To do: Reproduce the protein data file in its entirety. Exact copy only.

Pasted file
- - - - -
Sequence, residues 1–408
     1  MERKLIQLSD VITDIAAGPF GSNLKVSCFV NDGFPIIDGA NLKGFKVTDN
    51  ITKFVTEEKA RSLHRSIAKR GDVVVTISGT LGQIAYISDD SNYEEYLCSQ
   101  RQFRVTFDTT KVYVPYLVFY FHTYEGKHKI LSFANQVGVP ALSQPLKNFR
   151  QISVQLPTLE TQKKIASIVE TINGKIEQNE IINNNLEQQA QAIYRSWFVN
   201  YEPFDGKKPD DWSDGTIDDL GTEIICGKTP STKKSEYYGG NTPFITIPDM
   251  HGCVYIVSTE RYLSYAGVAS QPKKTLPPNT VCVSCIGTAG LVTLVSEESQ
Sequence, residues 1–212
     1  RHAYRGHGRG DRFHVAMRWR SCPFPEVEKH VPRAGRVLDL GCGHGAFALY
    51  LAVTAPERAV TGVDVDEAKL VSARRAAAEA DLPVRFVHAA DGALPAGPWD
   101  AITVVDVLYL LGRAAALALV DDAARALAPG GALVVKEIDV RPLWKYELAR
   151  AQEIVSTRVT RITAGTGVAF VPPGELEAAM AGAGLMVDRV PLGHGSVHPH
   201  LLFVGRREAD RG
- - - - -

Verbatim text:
Sequence, residues 1–408
     1  MERKLIQLSD VITDIAAGPF GSNLKVSCFV NDGFPIIDGA NLKGFKVTDN
    51  ITKFVTEEKA RSLHRSIAKR GDVVVTISGT LGQIAYISDD SNYEEYLCSQ
   101  RQFRVTFDTT KVYVPYLVFY FHTYEGKHKI LSFANQVGVP ALSQPLKNFR
   151  QISVQLPTLE TQKKIASIVE TINGKIEQNE IINNNLEQQA QAIYRSWFVN
   201  YEPFDGKKPD DWSDGTIDDL GTEIICGKTP STKKSEYYGG NTPFITIPDM
   251  HGCVYIVSTE RYLSYAGVAS QPKKTLPPNT VCVSCIGTAG LVTLVSEESQ
Sequence, residues 1–212
     1  RHAYRGHGRG DRFHVAMRWR SCPFPEVEKH VPRAGRVLDL GCGHGAFALY
    51  LAVTAPERAV TGVDVDEAKL VSARRAAAEA DLPVRFVHAA DGALPAGPWD
   101  AITVVDVLYL LGRAAALALV DDAARALAPG GALVVKEIDV RPLWKYELAR
   151  AQEIVSTRVT RITAGTGVAF VPPGELEAAM AGAGLMVDRV PLGHGSVHPH
   201  LLFVGRREAD RG